'Consistently illuminating ... Like all the best stories, it is about the timeless tides of power and influence ... trade deals can sometimes be sexy, thrilling and epic' Sinclair McKay, SpectatorLife in Europe was fundamentally changed in the 16th century by the astonishing discoveries of the New World and of direct sea routes to Asia. To start with England was hardly involved and London remained a gloomy, introverted medieval city. But as the century progressed something extraordinary happened.Stephen Alford's evocative, original and fascinating new book uses the same skills that made his widely praised The Watchers so successful, bringing to life the network of merchants, visionaries, crooks and sailors who changed London forever. In a sudden explosion of energy English ships were suddenly found all over the world - trading with Russia and the Levant, exploring Virginia and the Arctic, and fanning out across the Indian Ocean. London's Triumph is above all about the people who made this possible - the families, the guild members, the money-men who were willing to risk huge sums and sometimes their own lives in pursuit of the rare, exotic and desirable. Their ambitions fuelled a new view of the world - initiating a long era of trade and empire, the consequences of which we still live with today.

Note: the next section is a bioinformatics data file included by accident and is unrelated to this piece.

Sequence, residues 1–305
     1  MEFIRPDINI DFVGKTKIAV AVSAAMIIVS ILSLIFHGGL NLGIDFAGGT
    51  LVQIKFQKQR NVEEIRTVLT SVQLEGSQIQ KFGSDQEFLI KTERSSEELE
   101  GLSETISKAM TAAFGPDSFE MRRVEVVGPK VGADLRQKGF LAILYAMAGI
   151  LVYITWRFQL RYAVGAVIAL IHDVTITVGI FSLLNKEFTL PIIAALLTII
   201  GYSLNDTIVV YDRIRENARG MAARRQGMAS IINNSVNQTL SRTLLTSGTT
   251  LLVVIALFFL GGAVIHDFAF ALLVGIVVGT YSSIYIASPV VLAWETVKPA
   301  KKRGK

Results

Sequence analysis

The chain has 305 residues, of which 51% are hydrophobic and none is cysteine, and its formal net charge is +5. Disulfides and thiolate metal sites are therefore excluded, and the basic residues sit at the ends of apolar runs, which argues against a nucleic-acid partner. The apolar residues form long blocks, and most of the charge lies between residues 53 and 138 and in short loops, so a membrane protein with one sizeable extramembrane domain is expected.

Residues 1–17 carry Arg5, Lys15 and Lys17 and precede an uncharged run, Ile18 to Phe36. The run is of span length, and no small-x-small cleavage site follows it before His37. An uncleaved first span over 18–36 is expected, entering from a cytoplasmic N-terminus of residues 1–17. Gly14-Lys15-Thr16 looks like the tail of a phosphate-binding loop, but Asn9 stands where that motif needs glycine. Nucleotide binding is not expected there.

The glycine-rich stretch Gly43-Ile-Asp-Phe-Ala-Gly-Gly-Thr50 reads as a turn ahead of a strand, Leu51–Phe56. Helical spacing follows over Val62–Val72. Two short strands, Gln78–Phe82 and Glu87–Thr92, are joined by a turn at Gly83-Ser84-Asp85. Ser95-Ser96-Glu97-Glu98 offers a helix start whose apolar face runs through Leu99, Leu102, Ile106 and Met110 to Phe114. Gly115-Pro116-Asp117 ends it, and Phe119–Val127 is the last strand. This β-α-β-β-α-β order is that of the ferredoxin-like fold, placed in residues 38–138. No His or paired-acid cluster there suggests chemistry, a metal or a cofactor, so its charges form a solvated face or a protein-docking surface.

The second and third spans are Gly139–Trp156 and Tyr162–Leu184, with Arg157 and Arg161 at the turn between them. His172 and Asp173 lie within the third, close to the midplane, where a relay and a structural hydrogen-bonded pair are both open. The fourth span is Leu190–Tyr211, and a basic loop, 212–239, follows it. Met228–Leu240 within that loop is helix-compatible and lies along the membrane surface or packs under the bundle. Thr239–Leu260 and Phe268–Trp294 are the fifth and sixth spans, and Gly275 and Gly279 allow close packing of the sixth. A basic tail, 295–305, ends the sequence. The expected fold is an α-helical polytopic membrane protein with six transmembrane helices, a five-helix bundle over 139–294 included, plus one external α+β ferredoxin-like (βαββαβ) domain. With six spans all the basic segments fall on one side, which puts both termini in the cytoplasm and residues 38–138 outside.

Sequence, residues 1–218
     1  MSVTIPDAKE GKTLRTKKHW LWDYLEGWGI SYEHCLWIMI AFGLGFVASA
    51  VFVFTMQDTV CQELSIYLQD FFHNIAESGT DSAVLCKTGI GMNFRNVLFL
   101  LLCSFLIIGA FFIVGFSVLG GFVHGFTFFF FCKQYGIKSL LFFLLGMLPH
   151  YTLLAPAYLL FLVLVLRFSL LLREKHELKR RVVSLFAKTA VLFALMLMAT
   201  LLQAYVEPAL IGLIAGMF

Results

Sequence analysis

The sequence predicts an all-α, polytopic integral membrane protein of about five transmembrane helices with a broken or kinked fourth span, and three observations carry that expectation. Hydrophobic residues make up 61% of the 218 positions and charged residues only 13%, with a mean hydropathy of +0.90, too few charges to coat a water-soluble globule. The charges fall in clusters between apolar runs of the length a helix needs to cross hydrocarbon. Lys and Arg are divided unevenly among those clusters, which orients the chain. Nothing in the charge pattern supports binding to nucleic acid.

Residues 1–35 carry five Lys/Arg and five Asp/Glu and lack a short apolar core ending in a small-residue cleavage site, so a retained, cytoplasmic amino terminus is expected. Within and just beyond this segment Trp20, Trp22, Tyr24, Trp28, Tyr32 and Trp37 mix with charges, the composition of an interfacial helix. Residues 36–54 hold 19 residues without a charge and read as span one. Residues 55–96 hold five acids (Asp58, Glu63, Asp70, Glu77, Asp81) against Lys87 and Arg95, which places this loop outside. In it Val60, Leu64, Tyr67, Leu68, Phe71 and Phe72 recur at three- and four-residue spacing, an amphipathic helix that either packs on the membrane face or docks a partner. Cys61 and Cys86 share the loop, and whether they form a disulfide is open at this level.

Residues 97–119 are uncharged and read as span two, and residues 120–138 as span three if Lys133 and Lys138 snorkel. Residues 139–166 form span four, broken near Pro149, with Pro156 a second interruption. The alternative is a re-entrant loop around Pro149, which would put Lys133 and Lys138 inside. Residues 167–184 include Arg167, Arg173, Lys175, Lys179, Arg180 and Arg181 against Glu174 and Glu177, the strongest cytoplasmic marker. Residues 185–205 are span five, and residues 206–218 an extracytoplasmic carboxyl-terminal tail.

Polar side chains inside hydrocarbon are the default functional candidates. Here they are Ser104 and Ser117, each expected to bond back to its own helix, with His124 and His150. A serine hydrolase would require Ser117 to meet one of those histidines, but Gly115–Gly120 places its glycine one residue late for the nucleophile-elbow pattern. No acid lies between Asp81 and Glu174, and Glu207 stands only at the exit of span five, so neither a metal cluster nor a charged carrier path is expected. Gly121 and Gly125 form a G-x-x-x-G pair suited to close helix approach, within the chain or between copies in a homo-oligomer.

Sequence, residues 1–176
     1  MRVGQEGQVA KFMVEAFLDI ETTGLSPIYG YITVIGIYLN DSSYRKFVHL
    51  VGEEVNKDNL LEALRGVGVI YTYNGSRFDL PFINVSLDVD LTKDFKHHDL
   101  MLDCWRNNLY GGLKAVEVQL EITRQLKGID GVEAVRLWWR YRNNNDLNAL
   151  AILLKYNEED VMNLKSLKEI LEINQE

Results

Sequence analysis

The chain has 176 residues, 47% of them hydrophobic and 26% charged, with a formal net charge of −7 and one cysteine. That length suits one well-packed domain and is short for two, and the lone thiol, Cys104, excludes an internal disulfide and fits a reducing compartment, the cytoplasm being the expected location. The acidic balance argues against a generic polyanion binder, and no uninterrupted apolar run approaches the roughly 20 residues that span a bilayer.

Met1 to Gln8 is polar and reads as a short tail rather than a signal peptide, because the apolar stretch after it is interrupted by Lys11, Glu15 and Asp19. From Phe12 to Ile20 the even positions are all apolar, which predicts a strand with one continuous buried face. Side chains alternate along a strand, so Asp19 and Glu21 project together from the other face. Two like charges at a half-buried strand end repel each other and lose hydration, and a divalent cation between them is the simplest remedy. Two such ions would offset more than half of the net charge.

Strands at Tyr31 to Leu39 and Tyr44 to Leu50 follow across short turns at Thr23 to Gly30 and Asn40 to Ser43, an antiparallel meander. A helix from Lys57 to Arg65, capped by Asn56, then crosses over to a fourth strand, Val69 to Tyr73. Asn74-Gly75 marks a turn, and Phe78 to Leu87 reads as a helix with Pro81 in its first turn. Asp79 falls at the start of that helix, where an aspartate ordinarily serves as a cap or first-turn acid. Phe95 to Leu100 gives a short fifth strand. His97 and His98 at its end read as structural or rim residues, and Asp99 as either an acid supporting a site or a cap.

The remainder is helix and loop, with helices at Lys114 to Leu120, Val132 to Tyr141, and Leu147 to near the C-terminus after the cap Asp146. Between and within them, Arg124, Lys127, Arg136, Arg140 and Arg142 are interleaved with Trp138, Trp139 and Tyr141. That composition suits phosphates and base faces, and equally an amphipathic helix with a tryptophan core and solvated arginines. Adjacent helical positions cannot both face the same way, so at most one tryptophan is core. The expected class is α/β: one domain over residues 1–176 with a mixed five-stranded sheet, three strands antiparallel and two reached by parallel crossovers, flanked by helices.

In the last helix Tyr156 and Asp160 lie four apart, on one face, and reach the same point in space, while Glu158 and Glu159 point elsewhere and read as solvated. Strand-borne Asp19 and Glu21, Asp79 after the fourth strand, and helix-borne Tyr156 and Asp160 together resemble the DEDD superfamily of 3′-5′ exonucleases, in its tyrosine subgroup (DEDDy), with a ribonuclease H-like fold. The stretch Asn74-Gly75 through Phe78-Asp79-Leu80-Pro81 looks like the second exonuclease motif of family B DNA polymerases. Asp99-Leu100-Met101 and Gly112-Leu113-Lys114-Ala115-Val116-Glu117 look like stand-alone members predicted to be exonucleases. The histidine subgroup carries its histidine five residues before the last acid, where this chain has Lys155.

Exceptionally rich and variegated...This might be a book for ministers to take on holiday in the summer. -- Jessie Childs * Guardian * Vivid and informative... somehow one can't help wondering whether there might be a lesson [here] for British commerce today. -- Noel Malcolm * Telegraph * The book is crammed with unexpected sidelights of 16th century London * Times * A city contending with immigration, religious difference and the threat of violence... the unspoken comparisons that haunt this story are unavoidably poignant * Times Higher Education Supplement * Like all the best stories, it is about the timeless tides of power and influence... consistently illuminating and filled with pleasing resonance -- Sinclair McKay * Spectator *